+ Watch HEAT
on My Watchlist
Engaged in the manufacturing and sale of plate heat exchangers (PHEs) and various packages, thermometer testing devices and heat usage calculators through its wholly owned operating subsidiary in China.
Another Chinese company that employs aggressive accounting to make its stock look cheap. Its reporting positive net income, but in actuality is losing money. Don't believe me? Then take one quick look at the cash flow statement and you will see that I am right.One thing I've noticed over the years is that the P/E ratio has helped investors lose more money than any other piece of information about a company. People need to learn how to do proper fundamental analysis so they don't buy stocks such as this.
I don't think "one quick look at the cash flow statement" counts as proper fundamental analysis.From their 10k:"Our accounts receivables remain outstanding for a significant period of time, which has a negative impact on our cash flow and liquidity.Our agreements with our customers generally provide that 30% of the purchase price is due upon the placement of an order, 30% upon delivery and 30% upon installation and acceptance of the equipment after customer testing. As a common practice in the heating manufacturing business in China, payment of the final 10% of the purchase price is due no later than the termination date of the standard warranty period, which ranges from 3 to 24 months from the acceptance date. We may experience payment delays from time to time, which range from 1 to 3 months from the due date. While these payment delays are very common in the heating manufacturing industry in China and historically our collections have been reasonably assured, such delays cause capital to be tied up in inventories, which may result in pressure on our cash flows and liquidity. In 2010, we had accounts receivable turnover of 2.98 on an annualized basis, with days sales outstanding of 123 and inventory turnover of 4.26 on an annualized basis. In 2009, we had accounts receivable turnover of 3.6 on an annualized basis, with days sales outstanding of 146 and inventory turnover of 6.2 on an annualized basis. The low accounts receivable turnover and high days outstanding is due to the seasonality of our sales and postponement of payments from certain customers. The low inventory turnover in 2010 compared to 2009 was due to increased inventory on hand for the readiness of the high production season with an increased number of large orders in 2010. Approximately 74% of our revenue is generated in the third and fourth quarters."In short, they have poor cash flow because they're growing by leaps and bounds (upwards of 50% revenue growth for the TTM), and their number of days outstanding for AR is actually among the best in their industry. The poor cash flow may indicate that their growth is unsustainable (without some dilution), but it doesn't mean HEAT should be trading at a trailing P/E of 4.5, a PEG of .18, and a price/book of .89.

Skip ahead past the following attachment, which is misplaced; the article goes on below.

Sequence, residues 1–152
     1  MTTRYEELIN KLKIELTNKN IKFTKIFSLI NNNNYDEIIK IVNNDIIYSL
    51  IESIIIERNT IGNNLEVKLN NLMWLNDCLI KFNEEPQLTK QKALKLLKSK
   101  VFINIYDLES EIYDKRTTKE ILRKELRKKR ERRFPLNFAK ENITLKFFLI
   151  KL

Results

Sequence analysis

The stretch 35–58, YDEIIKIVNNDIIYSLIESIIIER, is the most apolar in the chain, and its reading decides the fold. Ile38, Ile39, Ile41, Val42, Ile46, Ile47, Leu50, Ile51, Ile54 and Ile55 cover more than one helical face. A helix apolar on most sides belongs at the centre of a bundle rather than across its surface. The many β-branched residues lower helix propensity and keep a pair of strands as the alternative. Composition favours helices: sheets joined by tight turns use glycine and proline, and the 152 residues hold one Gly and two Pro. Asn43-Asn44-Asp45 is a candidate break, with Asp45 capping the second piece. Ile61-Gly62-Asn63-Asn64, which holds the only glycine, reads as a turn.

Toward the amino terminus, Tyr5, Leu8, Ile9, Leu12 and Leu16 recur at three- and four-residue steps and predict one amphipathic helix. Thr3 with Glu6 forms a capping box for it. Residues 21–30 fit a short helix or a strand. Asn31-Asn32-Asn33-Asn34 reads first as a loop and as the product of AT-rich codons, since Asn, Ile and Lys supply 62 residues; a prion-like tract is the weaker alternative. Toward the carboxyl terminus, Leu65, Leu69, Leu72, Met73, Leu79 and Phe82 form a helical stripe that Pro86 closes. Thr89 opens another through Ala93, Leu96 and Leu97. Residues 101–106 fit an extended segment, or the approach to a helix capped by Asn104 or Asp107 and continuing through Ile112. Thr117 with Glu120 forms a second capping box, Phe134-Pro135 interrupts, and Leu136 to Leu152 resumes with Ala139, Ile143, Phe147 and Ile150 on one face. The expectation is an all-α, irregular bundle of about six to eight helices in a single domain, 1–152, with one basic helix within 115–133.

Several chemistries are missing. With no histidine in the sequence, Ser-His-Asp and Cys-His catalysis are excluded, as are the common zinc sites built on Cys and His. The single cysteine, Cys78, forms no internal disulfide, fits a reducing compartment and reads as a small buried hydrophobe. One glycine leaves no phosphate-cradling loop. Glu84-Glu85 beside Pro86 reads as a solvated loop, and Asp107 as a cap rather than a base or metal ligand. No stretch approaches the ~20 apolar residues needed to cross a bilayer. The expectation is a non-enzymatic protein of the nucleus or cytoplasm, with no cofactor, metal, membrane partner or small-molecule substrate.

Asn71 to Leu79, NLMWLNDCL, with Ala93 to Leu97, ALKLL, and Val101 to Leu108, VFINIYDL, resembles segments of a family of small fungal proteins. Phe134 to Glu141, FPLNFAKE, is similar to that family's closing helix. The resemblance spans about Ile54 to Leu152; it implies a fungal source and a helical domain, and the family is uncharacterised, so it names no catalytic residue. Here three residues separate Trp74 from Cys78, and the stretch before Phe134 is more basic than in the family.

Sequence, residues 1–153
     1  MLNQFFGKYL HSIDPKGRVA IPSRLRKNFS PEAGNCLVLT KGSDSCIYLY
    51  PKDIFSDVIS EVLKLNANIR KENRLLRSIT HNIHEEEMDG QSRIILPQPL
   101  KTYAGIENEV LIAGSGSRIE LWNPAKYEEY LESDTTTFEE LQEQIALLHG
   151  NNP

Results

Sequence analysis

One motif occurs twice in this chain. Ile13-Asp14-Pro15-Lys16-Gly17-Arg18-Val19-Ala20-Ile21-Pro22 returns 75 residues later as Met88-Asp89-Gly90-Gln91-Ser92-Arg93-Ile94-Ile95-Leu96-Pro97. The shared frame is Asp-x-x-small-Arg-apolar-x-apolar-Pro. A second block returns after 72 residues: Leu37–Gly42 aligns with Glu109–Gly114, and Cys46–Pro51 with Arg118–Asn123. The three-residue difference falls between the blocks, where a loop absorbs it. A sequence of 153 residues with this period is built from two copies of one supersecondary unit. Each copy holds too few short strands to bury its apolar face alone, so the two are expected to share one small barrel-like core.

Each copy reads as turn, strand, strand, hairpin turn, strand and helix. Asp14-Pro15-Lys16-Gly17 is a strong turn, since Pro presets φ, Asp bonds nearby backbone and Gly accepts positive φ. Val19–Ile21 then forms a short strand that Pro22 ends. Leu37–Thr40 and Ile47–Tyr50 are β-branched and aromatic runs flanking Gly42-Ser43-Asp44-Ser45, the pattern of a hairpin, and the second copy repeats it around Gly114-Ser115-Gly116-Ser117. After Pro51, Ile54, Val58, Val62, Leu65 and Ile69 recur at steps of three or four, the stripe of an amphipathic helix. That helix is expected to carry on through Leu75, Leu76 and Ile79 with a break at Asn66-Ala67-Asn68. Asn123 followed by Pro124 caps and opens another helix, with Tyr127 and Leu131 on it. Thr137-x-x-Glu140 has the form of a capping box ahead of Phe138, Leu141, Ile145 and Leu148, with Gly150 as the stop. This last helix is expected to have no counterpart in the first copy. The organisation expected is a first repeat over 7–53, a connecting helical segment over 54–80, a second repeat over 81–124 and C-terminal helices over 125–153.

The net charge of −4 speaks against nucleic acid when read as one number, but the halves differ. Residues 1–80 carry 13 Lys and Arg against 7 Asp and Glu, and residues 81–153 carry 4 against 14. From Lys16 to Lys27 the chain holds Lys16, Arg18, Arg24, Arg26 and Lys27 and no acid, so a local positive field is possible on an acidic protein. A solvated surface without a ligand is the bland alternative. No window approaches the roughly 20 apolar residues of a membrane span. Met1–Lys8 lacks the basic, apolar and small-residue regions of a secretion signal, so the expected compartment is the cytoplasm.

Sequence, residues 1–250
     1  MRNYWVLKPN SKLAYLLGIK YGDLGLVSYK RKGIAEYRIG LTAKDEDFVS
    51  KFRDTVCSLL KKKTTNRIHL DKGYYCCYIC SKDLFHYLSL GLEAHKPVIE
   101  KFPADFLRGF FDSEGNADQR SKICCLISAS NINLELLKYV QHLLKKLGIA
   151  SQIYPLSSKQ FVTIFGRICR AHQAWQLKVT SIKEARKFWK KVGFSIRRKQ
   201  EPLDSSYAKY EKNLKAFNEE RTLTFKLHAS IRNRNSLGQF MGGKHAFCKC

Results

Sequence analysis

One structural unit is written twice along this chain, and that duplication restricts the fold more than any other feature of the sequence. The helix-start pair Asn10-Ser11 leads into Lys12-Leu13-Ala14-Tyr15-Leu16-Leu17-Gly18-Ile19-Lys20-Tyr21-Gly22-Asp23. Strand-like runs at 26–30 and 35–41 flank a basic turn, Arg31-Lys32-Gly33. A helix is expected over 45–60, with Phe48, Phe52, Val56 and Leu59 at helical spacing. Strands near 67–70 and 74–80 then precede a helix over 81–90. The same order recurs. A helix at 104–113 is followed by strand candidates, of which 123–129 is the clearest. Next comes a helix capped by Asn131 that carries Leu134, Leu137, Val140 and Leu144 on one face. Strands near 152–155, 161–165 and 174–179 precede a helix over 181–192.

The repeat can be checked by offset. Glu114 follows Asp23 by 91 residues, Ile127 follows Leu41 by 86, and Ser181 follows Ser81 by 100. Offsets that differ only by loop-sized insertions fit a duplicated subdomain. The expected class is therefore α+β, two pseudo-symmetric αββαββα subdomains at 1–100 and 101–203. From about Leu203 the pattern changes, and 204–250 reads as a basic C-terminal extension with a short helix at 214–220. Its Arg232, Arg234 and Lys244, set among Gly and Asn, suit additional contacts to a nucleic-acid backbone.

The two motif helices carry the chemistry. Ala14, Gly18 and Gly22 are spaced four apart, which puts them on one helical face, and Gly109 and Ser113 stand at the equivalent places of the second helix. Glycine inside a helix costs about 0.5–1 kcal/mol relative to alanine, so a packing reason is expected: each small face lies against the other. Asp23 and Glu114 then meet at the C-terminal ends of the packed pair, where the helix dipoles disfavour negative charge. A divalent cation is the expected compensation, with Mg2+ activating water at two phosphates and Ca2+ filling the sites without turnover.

In the long run its cash that matters. I don't care how much a company can increase its accounts receivable if it doesn't collect that cash in time it wont be able to pay its expenses. Increasing accounts receivable is a trick some companies use to make their stock look cheap because it increases net income. Now, I understand there will be years where you cant collect your receivables in time and your cash flow will suffer because of it. However, if it happens year after year then we got a problem. The P/E ratio is an inferior valuation measurement. Price to Free Cash Flow is the best and most conservative measurement of a stocks value.
I like FCF. However, HEAT hasn't even reached a stable growth phase yet. If you think they're playing with AR, that's fine, but I don't think it's fair to try to value HEAT by FCF until their growth tapers off, which should lead to a more stable AR and inventory.
I must agree with you there. A young company is not going to have very good cash flow. That's why I only invest in business that have been publicly trading for a minimum of 8 years. HEAT went public in 2008 so its only been around for 3 years.Cash flow problems aside, I still don't like the overall business. The company is a designer, manufacturer and seller of clean technology plate heat exchangers and related systems in China. There is lots of competition in this industry, and its not the type of business you want to invest in for the long term. Even if the fundamentals were excellent, this business is very unpredictable. Maybe 10 years from now this will be an excellent stock to buy, but currently I'm giving it a thumbs down.
Fair enough. This is certainly a high risk stock. Thanks for explaining your rationale a bit further.
Awww. You guys make me proud, with your civil discussion and thoughtful responses, all that correct spelling...
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